Editors’ Note: We’ve asked Mark Gough, Executive Director of the Natural Capital Coalition to share his perspectives on barriers and opportunities facing the incorporation of natural capital understanding into business decisions.
The Natural Capital Coalition brings together organizations to collaborate on activities that create a world where business conserves and enhances natural capital. NatCap and its two NGO partners—WWF and The Nature Conservancy—have been involved in the Coalition from the outset, and are among the over 250 members of the Coalition. NatCap was deeply involved in conceiving, developing, and reviewing the Natural Capital Protocol, including WWF’s work pilot testing it with The Coca Cola Company. The NatCap team is pioneering innovative new scientific approaches and tools for implementing the Protocol, for example with Kering and Unilever. And we believe that NatCap’s evolving Science and Technology Platform can play a key role in addressing the data challenges that the Coalition has identified face business in applying natural capital assessments in decisions.
The Coalition has evolved into a highly collaborative community, making great progress in harmonizing approaches and encouraging uptake of natural capital approaches by business. Emily McKenzie, on NatCap’s Leadership Team, is now part of the Coalition’s Advisory Panel. Through this, we are continuing to identify areas of collaboration, promote use of the Protocol, share ideas and best practices, and provide strategic advice. We are looking forward to further future collaboration, and encourage others to take part—by becoming members of the Coalition, applying the Protocol, and/or getting involved in other collaborative projects.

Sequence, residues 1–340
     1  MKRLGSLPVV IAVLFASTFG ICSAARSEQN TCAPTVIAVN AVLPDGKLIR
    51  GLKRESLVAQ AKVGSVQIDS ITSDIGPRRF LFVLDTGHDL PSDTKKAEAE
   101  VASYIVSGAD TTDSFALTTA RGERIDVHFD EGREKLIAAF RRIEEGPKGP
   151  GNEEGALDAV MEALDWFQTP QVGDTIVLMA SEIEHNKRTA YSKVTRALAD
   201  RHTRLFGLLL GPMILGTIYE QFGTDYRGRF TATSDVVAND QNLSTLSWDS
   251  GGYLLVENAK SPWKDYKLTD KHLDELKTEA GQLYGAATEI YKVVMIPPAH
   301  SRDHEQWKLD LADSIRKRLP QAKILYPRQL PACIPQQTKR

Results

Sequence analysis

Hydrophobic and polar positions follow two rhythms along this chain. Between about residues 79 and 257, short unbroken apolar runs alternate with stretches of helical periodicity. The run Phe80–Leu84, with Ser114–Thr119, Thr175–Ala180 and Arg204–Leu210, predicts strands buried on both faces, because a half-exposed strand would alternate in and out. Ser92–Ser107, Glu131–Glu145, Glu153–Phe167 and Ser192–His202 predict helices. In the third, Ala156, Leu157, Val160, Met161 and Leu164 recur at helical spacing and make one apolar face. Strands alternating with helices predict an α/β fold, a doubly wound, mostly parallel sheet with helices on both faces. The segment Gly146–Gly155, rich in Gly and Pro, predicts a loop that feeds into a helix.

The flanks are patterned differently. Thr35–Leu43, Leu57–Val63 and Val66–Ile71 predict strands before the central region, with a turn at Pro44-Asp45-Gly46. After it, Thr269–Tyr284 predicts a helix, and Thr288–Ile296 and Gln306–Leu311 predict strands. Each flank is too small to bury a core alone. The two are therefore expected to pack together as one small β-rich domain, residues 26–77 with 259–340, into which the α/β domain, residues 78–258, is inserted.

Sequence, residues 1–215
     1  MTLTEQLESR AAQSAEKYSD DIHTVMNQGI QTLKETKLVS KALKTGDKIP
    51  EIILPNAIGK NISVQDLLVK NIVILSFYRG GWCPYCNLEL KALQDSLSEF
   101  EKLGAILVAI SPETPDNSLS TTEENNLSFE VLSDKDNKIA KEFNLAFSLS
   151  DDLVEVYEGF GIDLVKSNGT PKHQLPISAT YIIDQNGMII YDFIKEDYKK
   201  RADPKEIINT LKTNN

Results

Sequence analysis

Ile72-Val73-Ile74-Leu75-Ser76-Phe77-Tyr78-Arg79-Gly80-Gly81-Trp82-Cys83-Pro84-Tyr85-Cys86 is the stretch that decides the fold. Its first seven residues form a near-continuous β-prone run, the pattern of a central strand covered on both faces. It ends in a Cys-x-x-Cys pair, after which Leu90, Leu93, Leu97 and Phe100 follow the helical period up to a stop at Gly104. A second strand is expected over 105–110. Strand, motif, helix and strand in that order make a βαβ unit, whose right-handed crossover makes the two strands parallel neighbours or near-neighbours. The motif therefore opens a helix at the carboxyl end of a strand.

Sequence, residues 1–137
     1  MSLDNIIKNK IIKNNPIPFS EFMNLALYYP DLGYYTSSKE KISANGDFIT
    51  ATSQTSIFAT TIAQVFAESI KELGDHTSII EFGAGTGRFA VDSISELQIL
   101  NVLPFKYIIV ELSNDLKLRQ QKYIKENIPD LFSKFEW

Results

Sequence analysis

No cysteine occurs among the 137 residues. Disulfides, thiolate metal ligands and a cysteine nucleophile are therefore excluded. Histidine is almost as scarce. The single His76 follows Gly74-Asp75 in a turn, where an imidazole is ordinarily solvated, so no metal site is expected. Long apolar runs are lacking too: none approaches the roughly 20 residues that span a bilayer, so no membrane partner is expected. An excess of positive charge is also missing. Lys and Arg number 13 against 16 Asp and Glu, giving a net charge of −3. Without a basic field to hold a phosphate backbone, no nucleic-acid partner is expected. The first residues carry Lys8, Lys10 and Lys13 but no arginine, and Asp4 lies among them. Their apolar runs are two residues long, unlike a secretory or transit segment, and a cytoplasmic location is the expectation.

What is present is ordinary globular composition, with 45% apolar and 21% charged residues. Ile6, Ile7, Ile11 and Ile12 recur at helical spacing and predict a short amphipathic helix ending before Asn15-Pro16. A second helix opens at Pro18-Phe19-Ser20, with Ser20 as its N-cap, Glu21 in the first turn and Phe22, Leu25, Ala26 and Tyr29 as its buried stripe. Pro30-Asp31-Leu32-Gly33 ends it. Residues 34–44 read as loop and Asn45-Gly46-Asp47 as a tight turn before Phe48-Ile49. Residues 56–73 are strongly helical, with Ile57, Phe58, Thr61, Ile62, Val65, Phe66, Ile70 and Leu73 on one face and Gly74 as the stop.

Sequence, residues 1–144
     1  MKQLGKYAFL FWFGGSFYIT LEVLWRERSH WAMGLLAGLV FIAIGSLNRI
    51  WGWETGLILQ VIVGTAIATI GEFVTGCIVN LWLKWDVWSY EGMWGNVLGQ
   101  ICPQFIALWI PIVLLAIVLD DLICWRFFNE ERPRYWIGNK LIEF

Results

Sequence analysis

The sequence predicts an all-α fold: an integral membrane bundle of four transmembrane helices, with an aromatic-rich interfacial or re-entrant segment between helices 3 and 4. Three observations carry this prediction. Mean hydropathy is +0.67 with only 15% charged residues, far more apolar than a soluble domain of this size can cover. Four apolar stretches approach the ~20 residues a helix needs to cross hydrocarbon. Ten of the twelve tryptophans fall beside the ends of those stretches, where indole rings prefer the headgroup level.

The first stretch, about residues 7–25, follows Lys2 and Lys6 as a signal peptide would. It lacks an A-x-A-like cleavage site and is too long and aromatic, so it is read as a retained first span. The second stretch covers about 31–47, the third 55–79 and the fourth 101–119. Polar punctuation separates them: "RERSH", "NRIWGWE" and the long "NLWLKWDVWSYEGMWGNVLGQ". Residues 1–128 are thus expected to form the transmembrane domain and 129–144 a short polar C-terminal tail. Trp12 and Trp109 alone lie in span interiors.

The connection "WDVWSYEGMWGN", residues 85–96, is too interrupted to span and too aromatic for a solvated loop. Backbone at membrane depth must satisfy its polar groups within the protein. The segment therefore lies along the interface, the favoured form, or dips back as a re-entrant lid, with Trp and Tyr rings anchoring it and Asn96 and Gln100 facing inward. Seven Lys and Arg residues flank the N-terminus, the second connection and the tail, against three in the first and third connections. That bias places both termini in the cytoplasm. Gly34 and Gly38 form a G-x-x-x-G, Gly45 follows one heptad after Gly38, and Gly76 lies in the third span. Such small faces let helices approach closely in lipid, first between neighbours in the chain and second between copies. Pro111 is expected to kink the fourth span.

The concept of natural capital in the business community has been gaining momentum for a number of years, moving from a niche idea to the ‘shiny new thing’.
Natural capital is now entering the mainstream, and businesses around the world are realizing how crucial it is to understand their relationship with nature and natural systems.
The problem with ‘shiny new things’ though, is that, at least initially, many have no idea how to use them.
Take a piece of modern technology, for example. Imagine handing an iPod to someone who has never even used a computer. You can easily explain how useful it would be to “carry around all your music in your pocket”, but they may give you a blank stare when asked to transfer their music to the device.
Using the iPod necessitates knowledge of a number of other complex ideas, systems, and tools. This gap between conceptual understanding and practical proficiency, is that space in which natural capital currently finds itself (for the most part) in the private sector.
The Natural Capital Protocol was launched last year to help address this challenge. The Protocol was developed by a core team of 38 organizations, including the Natural Capital Project. In the months since its release, it has captured the imagination of the private sector.
The Protocol harmonizes the many different natural capital approaches into a single global framework, specifically tailored for use among the business community. It helps businesses identify, measure, and value their direct and indirect impacts and dependencies on natural capital. The Protocol is designed to help generate trusted, credible, and actionable information to inform decisions and goes step-by-step through the process of doing this, without being prescriptive about specific assessment methods or valuation tools.
We were hoping that 1,000 organizations would download or acquire a hard copy of the Protocol in the first year. We now believe that close to 25,000 have done so already. Whilst some are using it to improve their existing work, many are coming to natural capital for the first time and are planning their first pilot of this way of thinking.